Tomas Young was paralyzed from the chest down during his deployment to Iraq. He died at the age of 34. (photo: Frank Morris/NPR)
Veteran's Day, Remember Tomas Young
By Karin Kamp, Moyers & Company
11 November 14
We’ve just heard that Iraq war veteran Tomas Young, one of the first vets to publicly oppose the war, has died at the age of 34.
Young was featured in Body of War, a documentary by Phil Donahue and Ellen Spiro that was featured on Bill Moyers Journal in March 2008. The film focused on Tomas, who was shot and paralyzed just days after beginning his tour of duty in Iraq.
Donahue, who visited Young last month at his home in Seattle, said the world had lost a “bright light” and a “talented young man” who was determined to speak out against “this massive blunder that was the Iraq war.”
“He was a political animal and he had a political statement that he wanted to make,” Donahue told BillMoyers.com. “Tomas wanted people to know that this is the drama being played out in houses across the country occupied by thousands of young men and women who fought in the war,” he said, referring to injuries that left Young in need of round-the-clock care.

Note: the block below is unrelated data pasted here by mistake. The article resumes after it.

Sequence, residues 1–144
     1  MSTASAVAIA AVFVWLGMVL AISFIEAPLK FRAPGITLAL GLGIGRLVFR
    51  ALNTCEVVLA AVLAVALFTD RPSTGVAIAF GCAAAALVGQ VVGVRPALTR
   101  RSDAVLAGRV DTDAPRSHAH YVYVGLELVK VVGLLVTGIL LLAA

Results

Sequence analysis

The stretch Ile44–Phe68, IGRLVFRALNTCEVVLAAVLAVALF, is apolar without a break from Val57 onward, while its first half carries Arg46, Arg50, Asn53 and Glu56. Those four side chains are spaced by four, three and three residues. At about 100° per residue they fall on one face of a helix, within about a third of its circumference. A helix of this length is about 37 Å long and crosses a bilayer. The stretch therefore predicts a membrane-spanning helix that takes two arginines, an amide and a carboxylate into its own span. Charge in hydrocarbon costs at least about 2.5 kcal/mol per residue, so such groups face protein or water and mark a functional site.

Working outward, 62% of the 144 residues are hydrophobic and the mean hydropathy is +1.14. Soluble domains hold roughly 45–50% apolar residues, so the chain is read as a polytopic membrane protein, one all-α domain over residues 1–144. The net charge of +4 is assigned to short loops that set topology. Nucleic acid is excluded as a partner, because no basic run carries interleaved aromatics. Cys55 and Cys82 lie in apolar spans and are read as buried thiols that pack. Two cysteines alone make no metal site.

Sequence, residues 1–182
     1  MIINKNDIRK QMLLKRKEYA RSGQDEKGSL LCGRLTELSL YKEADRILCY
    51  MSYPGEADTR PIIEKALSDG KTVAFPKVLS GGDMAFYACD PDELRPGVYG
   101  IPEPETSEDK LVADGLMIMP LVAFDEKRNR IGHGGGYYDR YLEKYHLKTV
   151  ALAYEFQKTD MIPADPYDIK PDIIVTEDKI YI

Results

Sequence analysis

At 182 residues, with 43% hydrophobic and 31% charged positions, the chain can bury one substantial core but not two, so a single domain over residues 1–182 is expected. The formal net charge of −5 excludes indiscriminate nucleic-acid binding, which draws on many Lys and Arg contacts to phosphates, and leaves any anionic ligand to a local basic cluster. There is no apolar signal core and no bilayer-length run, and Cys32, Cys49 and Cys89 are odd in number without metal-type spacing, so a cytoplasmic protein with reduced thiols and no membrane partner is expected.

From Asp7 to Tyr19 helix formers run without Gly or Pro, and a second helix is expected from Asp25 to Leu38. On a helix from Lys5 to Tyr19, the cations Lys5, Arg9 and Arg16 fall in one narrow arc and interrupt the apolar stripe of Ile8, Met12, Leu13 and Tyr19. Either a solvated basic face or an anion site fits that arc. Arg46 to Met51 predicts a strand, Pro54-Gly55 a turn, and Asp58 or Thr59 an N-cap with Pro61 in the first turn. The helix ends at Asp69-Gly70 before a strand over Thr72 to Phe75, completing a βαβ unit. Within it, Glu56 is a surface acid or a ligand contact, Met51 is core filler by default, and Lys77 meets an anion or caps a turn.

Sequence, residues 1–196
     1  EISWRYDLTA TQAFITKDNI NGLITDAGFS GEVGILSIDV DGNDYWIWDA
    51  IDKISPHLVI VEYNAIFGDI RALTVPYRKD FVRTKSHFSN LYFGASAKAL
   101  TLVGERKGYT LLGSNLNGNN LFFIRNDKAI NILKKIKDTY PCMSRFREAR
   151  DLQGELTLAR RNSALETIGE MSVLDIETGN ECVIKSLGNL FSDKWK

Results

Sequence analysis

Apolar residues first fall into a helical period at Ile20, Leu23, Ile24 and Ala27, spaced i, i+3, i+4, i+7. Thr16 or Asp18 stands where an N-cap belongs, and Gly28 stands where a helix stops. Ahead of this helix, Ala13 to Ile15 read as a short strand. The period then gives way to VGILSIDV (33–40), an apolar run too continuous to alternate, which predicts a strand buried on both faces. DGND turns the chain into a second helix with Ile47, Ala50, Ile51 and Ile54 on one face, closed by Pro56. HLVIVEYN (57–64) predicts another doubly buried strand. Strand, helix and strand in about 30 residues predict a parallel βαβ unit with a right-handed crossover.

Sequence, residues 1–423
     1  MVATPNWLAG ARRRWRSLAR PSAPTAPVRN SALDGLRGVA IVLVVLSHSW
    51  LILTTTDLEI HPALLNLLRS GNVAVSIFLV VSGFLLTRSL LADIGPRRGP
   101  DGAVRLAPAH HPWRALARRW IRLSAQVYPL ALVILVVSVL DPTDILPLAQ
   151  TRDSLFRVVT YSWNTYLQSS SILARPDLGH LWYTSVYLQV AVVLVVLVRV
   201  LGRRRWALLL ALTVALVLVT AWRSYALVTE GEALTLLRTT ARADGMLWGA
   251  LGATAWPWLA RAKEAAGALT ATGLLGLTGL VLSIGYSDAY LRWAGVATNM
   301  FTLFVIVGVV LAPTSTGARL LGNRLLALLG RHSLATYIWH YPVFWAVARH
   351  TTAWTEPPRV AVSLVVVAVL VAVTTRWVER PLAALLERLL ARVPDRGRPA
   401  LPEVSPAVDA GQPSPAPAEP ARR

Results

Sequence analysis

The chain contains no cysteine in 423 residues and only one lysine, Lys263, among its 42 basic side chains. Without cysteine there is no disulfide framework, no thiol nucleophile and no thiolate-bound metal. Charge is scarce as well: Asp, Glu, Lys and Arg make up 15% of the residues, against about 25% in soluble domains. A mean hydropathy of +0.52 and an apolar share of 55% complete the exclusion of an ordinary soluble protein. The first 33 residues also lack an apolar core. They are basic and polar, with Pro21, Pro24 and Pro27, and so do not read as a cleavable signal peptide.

The 24-year-old Young enlisted in the Army after the 9/11 attacks because he wanted to fight terrorists in Afghanistan, but instead was sent to Iraq. Five days after arriving there in 2004, he was shot in the chest and severely wounded. He was left paralyzed from the waist down and as the result of medical complications later became a quadriplegic .
In April 2013, Young announced that he would end his life by refusing his medication and feeding tube. But late last year, he told NPR he had changed his mind. “I just came to the conclusion that I wanted some more time with my wife,” Young said. “And I decided that I really don’t have the chutzpah to go ahead and do away with myself.”
Young is survived by his wife, Claudia Cuellar. In this video from the 2008 broadcast, Bill speaks to Donahue and Spiro about Tomas. They share scenes of him from Body of War.
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"The master class has always declared the wars; the subject class has always fought the battles. The master class has had all to gain and nothing to lose, while the subject class has had nothing to gain and everything to lose--especially their lives." Eugene Victor Debs